U.N. Chief Condemns War as 'Evil' Day After Meeting With Putin

United Nations Secretary-General Antonio Guterres condemned war as "evil" in Ukraine on Thursday, a day after he met with Russian President Vladimir Putin in Moscow.

Guterres traveled to Ukraine following his meeting with Putin at the Kremlin and toured several sites of "suspected war crimes," according to a U.N. release. Speaking from Bucha, where the Russian military allegedly massacred hundreds of civilians earlier this month, Guterres called on Russia to cooperate with the International Criminal Court's war crimes investigation.

"When we see this horrendous site, it makes me feel how important it is [to have] a thorough investigation and accountability," Guterres said.

Guterres announced last week that he would be meeting with Putin in Russia and then Ukrainian President Volodymyr Zelensky, stressing the need for "urgent steps to save lives, end the human suffering and bring about peace in Ukraine." While Guterres' calls for peace between Russia and Ukraine have been echoed by many throughout the world, his focus in traveling to the warring nations was to help improve the humanitarian situation he views as having an especially large impact on Ukrainian residents.

"War is evil," he wrote in a brief but solemn tweet Thursday that included a picture of him standing before a damaged, smoke-stained building in Ukraine.

Guterres visited Borodyanka, a city located northwest of the Ukrainian capital of Kyiv, and toured buildings that have been destroyed in the conflict.

"I must say what I feel. I imagined my family in one of those houses that is now destroyed and black," he said. "I see my granddaughters running away in panic, part of the family eventually killed. So, the war is an absurdity in the 21st century. The war is evil."

Guterres Ukraine Visit
United Nations Secretary-General Antonio Guterres condemned war as "evil" in Ukraine on Thursday, a day after he met with Russian President Vladimir Putin in Moscow. Above, Guterres, center, speaks with a local priest as they stand near a mass grave in Bucha, on the outskirts of Kyiv, Ukraine, on Thursday, April 28. Efrem Lukatsky/AP Photo

He also visited a destroyed residential complex in the city of Irpin, which is also near Kyiv, and decried the impact of the Russia-Ukraine War on civilians, according to the U.N. release.

Guterres said that the "horrific scenario demonstrates something that is unfortunately, always true: civilians always pay the highest price."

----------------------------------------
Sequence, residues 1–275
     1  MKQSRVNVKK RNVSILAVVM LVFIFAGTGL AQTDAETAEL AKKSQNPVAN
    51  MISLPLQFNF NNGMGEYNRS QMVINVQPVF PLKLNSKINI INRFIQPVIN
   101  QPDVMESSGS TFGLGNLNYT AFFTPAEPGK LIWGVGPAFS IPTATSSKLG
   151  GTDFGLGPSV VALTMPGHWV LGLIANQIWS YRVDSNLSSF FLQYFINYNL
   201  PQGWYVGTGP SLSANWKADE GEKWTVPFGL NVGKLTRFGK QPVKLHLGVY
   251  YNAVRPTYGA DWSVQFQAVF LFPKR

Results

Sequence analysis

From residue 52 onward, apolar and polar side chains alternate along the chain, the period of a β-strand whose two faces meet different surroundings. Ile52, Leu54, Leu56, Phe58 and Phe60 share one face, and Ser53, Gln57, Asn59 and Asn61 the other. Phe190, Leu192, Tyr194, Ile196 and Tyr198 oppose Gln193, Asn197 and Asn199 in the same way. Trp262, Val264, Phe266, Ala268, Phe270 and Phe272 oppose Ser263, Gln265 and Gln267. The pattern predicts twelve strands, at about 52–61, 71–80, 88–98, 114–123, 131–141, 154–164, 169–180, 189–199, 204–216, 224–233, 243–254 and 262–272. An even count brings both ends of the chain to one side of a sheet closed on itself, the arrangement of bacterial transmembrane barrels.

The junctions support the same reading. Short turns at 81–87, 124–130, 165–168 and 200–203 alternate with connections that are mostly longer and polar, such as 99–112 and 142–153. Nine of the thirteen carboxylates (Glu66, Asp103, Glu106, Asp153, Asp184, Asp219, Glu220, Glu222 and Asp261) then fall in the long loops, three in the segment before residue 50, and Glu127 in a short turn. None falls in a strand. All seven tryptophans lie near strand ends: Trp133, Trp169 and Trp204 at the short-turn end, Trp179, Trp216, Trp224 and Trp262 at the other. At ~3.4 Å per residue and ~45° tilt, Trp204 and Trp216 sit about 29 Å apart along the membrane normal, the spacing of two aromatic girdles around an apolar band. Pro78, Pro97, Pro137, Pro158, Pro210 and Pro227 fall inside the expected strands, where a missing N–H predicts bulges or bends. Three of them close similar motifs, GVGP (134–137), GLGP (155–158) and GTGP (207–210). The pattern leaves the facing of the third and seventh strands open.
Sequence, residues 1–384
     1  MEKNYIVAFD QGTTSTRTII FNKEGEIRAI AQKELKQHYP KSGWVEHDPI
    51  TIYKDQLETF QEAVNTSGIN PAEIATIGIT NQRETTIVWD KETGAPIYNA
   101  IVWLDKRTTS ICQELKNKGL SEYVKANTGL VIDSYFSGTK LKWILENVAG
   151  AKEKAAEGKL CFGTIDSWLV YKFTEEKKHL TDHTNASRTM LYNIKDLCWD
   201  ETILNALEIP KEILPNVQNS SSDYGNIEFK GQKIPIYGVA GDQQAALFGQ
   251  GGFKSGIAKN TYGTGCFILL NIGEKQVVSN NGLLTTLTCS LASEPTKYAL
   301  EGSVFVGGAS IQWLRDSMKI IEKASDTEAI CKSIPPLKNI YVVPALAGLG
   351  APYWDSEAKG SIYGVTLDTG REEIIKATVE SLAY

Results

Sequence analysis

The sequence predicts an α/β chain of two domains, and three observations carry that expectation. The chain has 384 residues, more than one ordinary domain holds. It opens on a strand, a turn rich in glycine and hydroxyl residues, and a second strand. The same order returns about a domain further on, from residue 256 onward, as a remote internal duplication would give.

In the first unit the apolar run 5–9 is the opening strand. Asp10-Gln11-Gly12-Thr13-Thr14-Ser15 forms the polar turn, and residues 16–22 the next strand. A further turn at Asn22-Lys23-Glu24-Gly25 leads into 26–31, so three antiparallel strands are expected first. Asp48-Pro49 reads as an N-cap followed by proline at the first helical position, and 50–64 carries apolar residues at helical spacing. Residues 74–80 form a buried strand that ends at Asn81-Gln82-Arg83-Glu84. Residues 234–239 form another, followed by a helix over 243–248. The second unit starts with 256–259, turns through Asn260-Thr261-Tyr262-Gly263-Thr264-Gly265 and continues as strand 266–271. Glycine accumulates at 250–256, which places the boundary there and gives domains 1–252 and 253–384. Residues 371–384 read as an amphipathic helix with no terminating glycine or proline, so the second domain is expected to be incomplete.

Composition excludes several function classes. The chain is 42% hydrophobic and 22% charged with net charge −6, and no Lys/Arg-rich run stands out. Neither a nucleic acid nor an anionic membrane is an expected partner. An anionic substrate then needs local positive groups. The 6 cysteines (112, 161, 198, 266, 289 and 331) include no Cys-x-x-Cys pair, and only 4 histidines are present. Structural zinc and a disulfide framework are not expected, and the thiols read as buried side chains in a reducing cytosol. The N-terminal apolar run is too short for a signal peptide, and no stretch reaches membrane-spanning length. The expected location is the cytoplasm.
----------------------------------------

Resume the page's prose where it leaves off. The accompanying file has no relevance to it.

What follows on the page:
As the war recently entered its third month since it erupted on February 24, at least thousands of Ukrainian civilians have been injured or killed in the conflict. As of April 27, the U.N.'s Office of the High Commissioner for Human Rights said that 2,829 civilians have been killed, including 205 children, and 3,180 have been injured, including 303 children. The office added that the actual civilian casualty toll is likely much higher.

During Guterres' meeting with Putin the day before, he discussed several humanitarian-related proposals with the president, according to a transcript of remarks on the Kremlin's website. These included setting up humanitarian corridors to help civilians safely evacuate, particularly from the city of Mariupol, which has been overtaken by Russian forces.

Guterres told CNN's Anderson Cooper in an interview that his meeting with Putin on Wednesday was "very useful."

"First of all...it was possible to tell President Putin the same things I say in New York or I'll be able to say here in Kyiv, which means that the Russian invasion is against the charter of the United Nations, is a violation of the territorial integrity of Ukraine and that this war must end as quickly as possible," he said.

Guterres also said that he and Putin reached an agreement "in principle" that would permit Ukrainians to evacuate a steel plant in Mariupol.

Russia and Ukraine have set up humanitarian corridors several times since the start of the war, and some of the efforts have successfully allowed thousands to evacuate, but Russia has also reportedly shelled some of the routes.

Newsweek reached out to Russia's Foreign Ministry and the United Nations for comment.